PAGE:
How are things going on the climate change front?
A new study tracking the planet’s vital signs has found that many of the key indicators of the global climate crisis are getting worse and either approaching, or exceeding, key tipping points as the earth heats up.
Overall, the study found some 16 out of 31 tracked planetary vital signs, including greenhouse gas concentrations, ocean heat content and ice mass, set worrying new records.
“There is growing evidence we are getting close to or have already gone beyond tipping points associated with important parts of the Earth system,” said William Ripple, an ecologist at Oregon State University who co-authored the new research, in a statement.
“The updated planetary vital signs we present largely reflect the consequences of unrelenting business as usual,” said Ripple, adding that “a major lesson from Covid-19 is that even colossally decreased transportation and consumption are not nearly enough and that, instead, transformational system changes are required.”
While the pandemic shut down economies and shifted the way people think about work, school and travel, it did little to reduce the overall global carbon emissions. Fossil fuel use dipped slightly in 2020, but the authors of a report published in the journal BioScience say that carbon dioxide, methane and nitrous oxide “have all set new year-to-date records for atmospheric concentrations in both 2020 and 2021”.
In April 2021, carbon dioxide concentration reached 416 parts per million, the highest monthly global average concentration ever recorded. The five hottest years on record have all occurred since 2015, and 2020 was the second hottest year in history.
Is there anything that can shake Americans out of our complacency about the end of the world as we know it?
This is the kind of thing that can actually have an effect, I think:
Chaos erupted at Bill West’s business in Page, Arizona, last week when he was forced to tell dozens of paid clients their summer vacations were either canceled or on hold – effective immediately.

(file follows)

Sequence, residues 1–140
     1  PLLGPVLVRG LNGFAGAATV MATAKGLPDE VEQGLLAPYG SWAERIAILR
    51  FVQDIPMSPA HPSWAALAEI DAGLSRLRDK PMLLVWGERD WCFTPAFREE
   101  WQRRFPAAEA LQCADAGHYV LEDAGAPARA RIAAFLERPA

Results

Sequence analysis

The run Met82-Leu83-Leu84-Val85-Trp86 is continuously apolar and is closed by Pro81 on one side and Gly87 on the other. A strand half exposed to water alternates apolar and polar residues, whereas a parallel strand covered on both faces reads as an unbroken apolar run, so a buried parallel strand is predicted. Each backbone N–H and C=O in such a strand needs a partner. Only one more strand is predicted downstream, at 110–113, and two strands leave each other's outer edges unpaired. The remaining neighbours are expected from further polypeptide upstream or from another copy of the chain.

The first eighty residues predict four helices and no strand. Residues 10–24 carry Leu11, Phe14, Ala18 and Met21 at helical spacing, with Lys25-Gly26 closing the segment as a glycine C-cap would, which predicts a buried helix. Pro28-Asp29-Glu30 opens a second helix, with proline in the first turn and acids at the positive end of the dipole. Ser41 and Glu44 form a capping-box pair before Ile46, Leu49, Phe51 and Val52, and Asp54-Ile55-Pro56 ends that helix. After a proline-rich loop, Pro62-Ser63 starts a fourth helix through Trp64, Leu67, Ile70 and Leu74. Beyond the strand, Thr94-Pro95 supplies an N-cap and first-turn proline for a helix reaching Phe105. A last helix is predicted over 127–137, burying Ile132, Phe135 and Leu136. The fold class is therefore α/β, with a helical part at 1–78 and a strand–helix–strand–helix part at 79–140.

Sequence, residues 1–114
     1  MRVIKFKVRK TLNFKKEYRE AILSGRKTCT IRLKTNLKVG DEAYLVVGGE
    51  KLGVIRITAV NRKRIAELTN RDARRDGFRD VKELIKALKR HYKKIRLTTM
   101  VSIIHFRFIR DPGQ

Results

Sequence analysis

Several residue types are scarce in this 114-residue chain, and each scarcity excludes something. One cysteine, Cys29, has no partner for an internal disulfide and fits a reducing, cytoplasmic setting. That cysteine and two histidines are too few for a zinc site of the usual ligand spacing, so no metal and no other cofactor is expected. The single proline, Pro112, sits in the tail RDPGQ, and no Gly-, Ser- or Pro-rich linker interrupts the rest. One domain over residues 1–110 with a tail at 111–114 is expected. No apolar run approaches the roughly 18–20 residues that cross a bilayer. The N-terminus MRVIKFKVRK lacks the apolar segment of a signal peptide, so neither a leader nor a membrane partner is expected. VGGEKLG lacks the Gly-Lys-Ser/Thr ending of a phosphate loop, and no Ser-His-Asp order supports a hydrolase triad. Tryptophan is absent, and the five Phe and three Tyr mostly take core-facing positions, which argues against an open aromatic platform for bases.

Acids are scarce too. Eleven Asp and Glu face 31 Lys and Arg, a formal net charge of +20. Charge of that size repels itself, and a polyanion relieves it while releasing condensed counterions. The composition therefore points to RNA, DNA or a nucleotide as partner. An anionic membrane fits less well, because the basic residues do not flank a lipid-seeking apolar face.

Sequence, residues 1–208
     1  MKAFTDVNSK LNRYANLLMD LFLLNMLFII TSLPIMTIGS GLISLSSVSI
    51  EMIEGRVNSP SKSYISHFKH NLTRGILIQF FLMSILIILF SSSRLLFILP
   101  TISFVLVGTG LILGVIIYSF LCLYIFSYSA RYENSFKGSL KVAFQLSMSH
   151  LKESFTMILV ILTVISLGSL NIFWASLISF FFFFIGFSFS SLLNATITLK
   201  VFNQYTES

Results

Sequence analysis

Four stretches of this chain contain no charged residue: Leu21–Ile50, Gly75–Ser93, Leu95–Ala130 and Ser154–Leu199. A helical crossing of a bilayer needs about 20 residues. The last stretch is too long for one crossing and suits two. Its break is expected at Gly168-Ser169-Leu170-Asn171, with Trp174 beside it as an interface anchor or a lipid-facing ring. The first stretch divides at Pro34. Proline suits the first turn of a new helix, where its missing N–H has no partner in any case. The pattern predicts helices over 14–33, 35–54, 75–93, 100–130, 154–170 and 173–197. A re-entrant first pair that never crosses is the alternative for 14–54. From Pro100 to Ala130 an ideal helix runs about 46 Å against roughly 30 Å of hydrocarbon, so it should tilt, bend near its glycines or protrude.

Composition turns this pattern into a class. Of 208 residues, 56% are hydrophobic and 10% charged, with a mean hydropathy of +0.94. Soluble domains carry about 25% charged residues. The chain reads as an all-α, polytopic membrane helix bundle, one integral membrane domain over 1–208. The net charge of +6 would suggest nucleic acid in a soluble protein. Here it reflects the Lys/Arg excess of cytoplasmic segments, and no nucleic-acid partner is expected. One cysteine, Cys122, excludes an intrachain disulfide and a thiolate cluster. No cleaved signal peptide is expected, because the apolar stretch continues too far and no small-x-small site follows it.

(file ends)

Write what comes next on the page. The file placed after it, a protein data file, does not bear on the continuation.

West, the owner of a houseboat timeshare company, was scrambling after record-low water levels at Lake Powell – one of the most popular motorized boating destinations in the US – disrupted recreational and tourism activities throughout the region.
The National Park Service abruptly announced earlier this month that houseboats could no longer use the Wahweap Launch Ramp, the busiest boat launch site in the area. Boats already cast out into the water were warned they had less than a week to return to land, or risk getting marooned.
West sat in traffic for more than an hour last Friday trying to corral 30 of his houseboat timeshares from the 180-mile-long reservoir before the final deadline. Dozens of vehicles stretched for at least a mile waiting for their turn on a concrete ramp that no longer reached the water. Even four-wheel-drive trucks were getting stuck in the mud as the Lake Powell shoreline retreated faster than federal water managers expected.
During what should have been prime houseboat vacation season, West says he’s forced to cancel timeshare reservations for more than 200 trips this summer. With his business slamming to a halt, he says he may have to lay off as many as 40 employees.
“This is a crisis for our community that is just as bad as Covid,” West said of Page, which has a population of 7,500 and is the main service hub for Lake Powell. “It is peak season and the whole town is being hit hard – the restaurants, the grocery stores, the bars, we are all feeling it.”
While climate change has exacerbated wildfires, heatwaves and flash floods this summer, it is also taking a heavy toll on the tourism industry that’s dependent on Lake Powell. Last week the water line reached a historic low of 3,554ft, a level that has not been seen since 1969, when the reservoir was first filled. The giant reservoir is currently three-quarters empty and will keep dropping at least through next spring due to record low snowpack levels in the Colorado River basin.
I mean not this thing specifically, but dozens and hundreds of things like this, as the radical change in the climate becomes more and more evident to ordinary people on a day to day level.
Obviously this is a huge collective action problem, and like several other current topics it’s one that’s difficult to contemplate with any sense of optimism. Nevertheless, just like things such as the slide of the American political system toward authoritarian ethno-nationalism, denial is the worst possible response.